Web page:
I graduated in May 1990 and quit the hospital in December due to unfair working conditions. IDES ruled in my favor, and I received benefits. Sometime later I received a letter from the hospital's attorney stating that the contract was breached and I had to pay back tuition.

I wrote a letter back to them, that due to the hospital's unfair practices, the contract would not be honored. I never heard from them again, the hospital went belly up in 1999, and I blame myself.

Just kidding.

At Wrongway, when the weekend option began in October 2003, we were required to sign a contract and I didn't sign one until January 2020. I didn't like the wording and found a way around it for all those years until HR came to the unit and stood there while I signed. I crossed out something I didn't want to agree to while their back was turned and handed them the contract.

It didn't matter anyway, as I was given a prestigious nursing award that February and terminated the next month.

A contract, like other hospital bureaucratical crap, is mainly for show.

Jedrnurse, BSN, RN

Specializes in school nurse. Has 30 years experience. 2,776 Posts

1 hour ago, JKL33 said:

I think you asked one fair question (do contracts mean anything any more) and failed to ask and equally fair question that would apply more evenly to both entities involved: Does anyone's word mean anything any more?

I am not sure if your last sentence in #1 was your personal belief or a conclusion you have seen others make when they believe they are in the situation described in #1.  Regardless, I think that if people want to tell bald-faced lies while trying to acquire "human capital," they deserve every form of (non-violent) pushback that happens to come their way.  If an employer is going to intimate that they will provide practically world-class "residency" training that costs them bazillions of dollars, and that this great effort and expense on their part is the reason for the contract, then what's wrong with employees acting like it better be provided? What is wrong with that?

This is essentially employees purchasing something, one way or another. I think most of us agree that we believe we should get generally what was purchased when making a large purchase. You don't buy a good quality vehicle and expect one of the wheels to be missing or perhaps the engine. You might have already signed a purchase agreement. Is it okay if you go to pick up the car and it has 3 wheels, since the purchase agreement did not stipulate in writing that you would be getting a car with 4 wheels? If that were becoming increasingly common would we all bemoan the whippersnappers for not honoring the fact that they said they would buy the car? I wouldn't. I would say what's wrong with the people using those tactics and advise that people do anything they can to avoid them. They should be shunned and cancelled.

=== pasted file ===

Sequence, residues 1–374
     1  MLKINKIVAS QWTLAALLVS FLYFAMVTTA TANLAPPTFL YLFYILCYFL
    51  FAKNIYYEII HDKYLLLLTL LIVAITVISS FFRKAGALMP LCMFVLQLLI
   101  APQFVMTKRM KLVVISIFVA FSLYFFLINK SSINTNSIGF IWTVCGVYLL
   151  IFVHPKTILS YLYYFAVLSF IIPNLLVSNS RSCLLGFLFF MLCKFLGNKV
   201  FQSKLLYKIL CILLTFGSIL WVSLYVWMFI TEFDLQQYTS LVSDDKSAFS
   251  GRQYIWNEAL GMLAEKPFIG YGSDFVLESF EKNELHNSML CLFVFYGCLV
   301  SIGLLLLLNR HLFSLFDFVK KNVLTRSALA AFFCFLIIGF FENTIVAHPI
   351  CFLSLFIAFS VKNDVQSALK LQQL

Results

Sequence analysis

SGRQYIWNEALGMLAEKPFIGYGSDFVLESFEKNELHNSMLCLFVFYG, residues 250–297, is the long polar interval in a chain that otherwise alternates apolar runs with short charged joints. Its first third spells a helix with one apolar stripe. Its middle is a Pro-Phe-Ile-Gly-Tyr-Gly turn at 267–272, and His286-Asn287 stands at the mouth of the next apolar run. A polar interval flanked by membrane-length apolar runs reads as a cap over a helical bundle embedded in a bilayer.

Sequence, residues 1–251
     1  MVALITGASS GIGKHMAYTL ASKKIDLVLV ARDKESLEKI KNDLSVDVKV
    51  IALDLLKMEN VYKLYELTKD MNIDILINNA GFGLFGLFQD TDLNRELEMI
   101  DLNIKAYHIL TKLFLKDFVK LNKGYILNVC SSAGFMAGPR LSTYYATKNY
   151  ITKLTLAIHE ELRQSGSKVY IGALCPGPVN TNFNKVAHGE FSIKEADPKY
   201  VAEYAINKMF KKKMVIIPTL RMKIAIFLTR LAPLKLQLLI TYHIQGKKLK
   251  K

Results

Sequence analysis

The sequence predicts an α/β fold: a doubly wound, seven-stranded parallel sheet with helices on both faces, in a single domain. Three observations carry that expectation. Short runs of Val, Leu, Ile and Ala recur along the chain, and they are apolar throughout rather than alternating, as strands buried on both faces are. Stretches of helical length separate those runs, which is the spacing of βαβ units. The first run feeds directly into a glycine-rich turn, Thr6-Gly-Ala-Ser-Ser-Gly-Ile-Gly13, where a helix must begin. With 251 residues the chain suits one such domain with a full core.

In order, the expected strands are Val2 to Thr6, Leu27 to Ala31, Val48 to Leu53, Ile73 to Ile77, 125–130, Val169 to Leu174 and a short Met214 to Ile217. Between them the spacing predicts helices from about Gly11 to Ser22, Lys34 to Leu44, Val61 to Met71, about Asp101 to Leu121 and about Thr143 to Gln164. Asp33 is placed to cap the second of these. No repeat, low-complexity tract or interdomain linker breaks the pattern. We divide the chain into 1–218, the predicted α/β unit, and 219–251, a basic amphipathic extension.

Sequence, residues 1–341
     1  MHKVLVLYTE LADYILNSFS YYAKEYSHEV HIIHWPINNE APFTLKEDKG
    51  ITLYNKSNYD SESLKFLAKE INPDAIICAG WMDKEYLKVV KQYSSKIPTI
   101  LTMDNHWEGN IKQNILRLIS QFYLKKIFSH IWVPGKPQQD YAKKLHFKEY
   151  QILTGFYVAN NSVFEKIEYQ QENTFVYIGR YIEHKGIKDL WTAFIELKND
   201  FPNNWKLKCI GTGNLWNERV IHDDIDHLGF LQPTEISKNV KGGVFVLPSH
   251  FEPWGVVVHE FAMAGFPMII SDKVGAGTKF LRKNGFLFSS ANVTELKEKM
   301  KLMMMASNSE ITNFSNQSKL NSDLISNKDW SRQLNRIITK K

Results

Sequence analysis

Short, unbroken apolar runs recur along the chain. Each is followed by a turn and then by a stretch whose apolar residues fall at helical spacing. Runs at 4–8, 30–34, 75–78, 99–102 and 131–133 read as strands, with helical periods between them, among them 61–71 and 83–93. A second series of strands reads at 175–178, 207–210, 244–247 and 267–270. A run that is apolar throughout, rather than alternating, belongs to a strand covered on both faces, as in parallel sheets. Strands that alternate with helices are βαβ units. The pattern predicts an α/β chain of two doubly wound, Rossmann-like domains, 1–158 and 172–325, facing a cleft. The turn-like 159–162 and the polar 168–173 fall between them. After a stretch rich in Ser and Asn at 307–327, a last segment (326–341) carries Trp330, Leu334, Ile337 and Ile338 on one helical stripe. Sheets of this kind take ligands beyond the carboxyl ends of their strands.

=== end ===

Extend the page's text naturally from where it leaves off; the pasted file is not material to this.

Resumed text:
$.02

I agree with most of what you've written, but I think it's only half of the equation. Of course if an employer doesn't deliver on the training/development aspect of the contract the employee should have no qualms about getting out.

What about the employee who just isn't "feeling it" or comes across an ad for their "dream job" while they're only part way through their commitment?

JKL33

6,373 Posts

14 minutes ago, Jedrnurse said:

What about the employee who just isn't "feeling it" or comes across an ad for their "dream job" while they're only part way through their commitment?

Yes, that's definitely problematic too. My opinion on that is pay or stay.